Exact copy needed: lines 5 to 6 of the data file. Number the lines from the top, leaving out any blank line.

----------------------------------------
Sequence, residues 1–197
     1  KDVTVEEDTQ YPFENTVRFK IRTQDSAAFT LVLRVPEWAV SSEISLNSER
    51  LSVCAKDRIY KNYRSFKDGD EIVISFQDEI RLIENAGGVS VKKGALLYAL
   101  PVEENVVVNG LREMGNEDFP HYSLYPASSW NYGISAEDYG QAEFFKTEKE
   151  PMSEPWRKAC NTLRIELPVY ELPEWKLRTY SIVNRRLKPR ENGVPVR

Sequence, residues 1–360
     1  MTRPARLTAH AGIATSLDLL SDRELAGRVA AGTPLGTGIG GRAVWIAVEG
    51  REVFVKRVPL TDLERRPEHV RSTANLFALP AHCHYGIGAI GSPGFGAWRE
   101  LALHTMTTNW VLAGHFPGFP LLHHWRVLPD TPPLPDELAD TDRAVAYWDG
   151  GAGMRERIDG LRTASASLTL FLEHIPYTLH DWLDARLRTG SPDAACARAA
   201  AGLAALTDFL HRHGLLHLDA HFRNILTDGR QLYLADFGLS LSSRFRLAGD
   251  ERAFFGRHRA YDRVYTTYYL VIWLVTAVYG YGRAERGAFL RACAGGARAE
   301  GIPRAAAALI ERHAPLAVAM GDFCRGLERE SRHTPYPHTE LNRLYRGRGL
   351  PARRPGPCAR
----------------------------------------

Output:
   151  PMSEPWRKAC NTLRIELPVY ELPEWKLRTY SIVNRRLKPR ENGVPVR

Sequence, residues 1–360